In a 2022 report on access and use of the internet in Latin America and the Caribbean, UNDP indicated that the COVID-19 pandemic introduced new ways of working and learning, due to required reduced mobility and, along with the existing internet coverage, brought 800 million people worldwide online for the first time.
The latest edition of Digital Report 2023 shows that the number of Internet users in the world reached 5.160 billion people, which represents 64.4 % of the world population. According to Statista, Brazil is the Latin American country with the largest number of Internet users at 180 million people, while Mexico is in second place in the region, exceeding 100 million online users.
This UNDP report also shows that in Latin America two thirds of homes have fixed Internet connections, these connections are necessary to facilitate high-capacity data transactions, such as video calls to work or study. Although this marks an improvement over the pre-pandemic regional average of nearly 50%, disparities persist between countries. For example, 17 of the 24 countries surveyed in Latin America and the Caribbean are below the regional average, including Mexico, Uruguay and Costa Rica.
This escalation in digital transformation also means an increase in the volume of data consumption and, therefore, more pressure on data centers to process that information in a faster and more agile way. This new context raises concerns among data center operators on how to ensure resilience.
The Cloud is the First Step
Cloud migration is one of the steps that operators are taking in order to achieve that resilience; for two reasons cited by this Uptime Institute report: first, during the pandemic, many companies realized that they did not have the necessary infrastructure to support remote workers and to guarantee the right customer experience. Second, many operators understood that a network could crash due to the higher demand caused by those remote workers.
The cloud allows traffic and workloads to be directed to other sites, reducing the impact of service interruptions in any one facility. The Vertiv study “The Data Center of 2025, closer to the edge of the network” also reveals how by 2019, prior to the pandemic, there was already a better understanding of how the cloud helps improve resilience and how this technology would play a dominant, but not exclusive, role in the future of the data center ecosystem.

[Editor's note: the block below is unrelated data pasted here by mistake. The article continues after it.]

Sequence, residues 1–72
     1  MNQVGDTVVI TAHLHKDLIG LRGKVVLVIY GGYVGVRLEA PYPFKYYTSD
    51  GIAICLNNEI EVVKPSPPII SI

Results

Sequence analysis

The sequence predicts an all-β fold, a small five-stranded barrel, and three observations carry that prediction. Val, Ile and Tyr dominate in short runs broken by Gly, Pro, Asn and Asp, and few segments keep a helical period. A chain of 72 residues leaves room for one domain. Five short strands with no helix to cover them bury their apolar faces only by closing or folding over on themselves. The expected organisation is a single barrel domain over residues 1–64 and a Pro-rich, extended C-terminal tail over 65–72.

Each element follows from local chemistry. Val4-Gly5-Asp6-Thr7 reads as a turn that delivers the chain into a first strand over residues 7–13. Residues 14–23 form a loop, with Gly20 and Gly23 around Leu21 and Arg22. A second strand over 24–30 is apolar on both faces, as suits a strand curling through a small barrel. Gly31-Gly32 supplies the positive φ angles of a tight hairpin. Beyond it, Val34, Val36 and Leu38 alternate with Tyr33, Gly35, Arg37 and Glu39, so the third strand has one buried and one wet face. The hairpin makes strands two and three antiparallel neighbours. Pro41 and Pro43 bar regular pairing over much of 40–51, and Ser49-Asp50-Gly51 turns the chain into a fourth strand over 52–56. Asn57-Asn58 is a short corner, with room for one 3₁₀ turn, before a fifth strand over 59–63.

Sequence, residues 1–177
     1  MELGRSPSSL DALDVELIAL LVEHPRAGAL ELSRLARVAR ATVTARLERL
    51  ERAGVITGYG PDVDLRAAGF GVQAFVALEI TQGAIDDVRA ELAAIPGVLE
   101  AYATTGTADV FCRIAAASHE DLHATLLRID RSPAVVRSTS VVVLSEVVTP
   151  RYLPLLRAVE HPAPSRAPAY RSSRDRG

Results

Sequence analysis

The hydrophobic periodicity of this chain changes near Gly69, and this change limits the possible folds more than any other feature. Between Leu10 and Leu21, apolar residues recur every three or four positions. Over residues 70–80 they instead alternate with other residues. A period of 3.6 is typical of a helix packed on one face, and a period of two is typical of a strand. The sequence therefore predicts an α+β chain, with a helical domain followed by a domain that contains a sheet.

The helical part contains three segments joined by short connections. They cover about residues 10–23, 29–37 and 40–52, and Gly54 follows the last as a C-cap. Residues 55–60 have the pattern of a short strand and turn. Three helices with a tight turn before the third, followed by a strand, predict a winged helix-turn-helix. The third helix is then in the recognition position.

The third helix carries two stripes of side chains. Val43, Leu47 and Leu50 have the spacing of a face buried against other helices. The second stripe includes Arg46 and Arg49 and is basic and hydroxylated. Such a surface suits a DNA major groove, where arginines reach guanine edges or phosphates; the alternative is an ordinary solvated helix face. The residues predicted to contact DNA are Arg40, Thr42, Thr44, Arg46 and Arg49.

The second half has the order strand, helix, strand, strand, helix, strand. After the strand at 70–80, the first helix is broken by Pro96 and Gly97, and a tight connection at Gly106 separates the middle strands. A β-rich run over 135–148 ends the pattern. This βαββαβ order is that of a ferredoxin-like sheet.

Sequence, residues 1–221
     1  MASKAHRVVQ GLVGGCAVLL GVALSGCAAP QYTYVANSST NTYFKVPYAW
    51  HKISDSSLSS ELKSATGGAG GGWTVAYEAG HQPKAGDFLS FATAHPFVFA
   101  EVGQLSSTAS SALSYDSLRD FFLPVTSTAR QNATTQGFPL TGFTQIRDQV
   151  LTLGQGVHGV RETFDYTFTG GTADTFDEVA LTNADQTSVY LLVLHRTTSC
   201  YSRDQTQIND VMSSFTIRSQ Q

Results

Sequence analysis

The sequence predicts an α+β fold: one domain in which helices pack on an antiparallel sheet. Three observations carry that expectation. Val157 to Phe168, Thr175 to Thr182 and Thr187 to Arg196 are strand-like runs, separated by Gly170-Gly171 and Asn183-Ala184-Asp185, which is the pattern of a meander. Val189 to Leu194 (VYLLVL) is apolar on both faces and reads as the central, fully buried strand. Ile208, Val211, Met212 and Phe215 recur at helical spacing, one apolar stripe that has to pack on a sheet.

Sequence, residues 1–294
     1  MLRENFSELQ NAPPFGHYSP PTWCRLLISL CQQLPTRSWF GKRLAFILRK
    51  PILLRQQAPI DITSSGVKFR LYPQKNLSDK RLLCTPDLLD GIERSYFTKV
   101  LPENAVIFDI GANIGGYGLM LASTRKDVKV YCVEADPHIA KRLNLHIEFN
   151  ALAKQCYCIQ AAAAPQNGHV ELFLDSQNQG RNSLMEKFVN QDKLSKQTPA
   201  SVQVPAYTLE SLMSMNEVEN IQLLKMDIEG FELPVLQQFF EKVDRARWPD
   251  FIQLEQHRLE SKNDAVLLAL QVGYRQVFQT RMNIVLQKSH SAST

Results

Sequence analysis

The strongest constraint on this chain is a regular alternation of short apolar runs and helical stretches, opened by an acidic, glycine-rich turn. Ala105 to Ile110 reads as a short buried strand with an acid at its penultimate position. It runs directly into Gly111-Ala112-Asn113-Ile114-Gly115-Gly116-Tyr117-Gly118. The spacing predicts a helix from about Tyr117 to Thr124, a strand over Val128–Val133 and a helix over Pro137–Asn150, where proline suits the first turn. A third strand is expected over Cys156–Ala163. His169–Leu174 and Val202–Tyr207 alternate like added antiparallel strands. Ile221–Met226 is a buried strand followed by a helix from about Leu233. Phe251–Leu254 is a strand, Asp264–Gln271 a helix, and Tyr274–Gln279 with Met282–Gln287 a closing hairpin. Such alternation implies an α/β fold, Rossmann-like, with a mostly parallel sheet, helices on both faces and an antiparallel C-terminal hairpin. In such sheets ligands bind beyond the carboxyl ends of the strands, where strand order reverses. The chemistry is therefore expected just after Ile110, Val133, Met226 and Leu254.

The 5G Opportunity
Cloud computing powered by 5G also makes it possible to address some of the biggest concerns in the industry: latency and security.
The deployment of 5G expands bandwidth extensively, which makes it easier for fast transmission of high volumes of data, including real-time streaming. In addition, 5G cybersecurity strategies offer improved network security through encryption and mutual authentication, for improved data security.
Solving Staffing Shortages
Data center resilience in the context of post-pandemic digitalization also entails paying attention to key issues that are currently causing distress in the industry, such as talent shortages and the need for a more energy-efficient approach.
“More data means more power” sums up the Vertiv study, and it also means more cooling and management needs. This also implies the need for more specialized technicians to support the infrastructure. For example, it is estimated that by 2025 Latin America will need at least 21,000 IT professionals to meet demand, according to estimates by the Uptime Institute.
Outsourcing services like maintenance and management, through a model such as Data Center Operation Management (DCOM), is a viable option in this context. DCOM enables data center remote monitoring by a specialized and certified technical team, 24/7 in any location.
A DCOM model allows rapid detection of threats that may cause an operational downtime. It also provides a shorter response time to an incident and optimizes operator investments. It can be complemented with an energy-efficient service model to guarantee the network's reliability.
An integrated approach, which takes into consideration the concerns of the industry around latency, security, human talent, and energy efficiency, will help make today’s data centers and data centers of the future more resilient.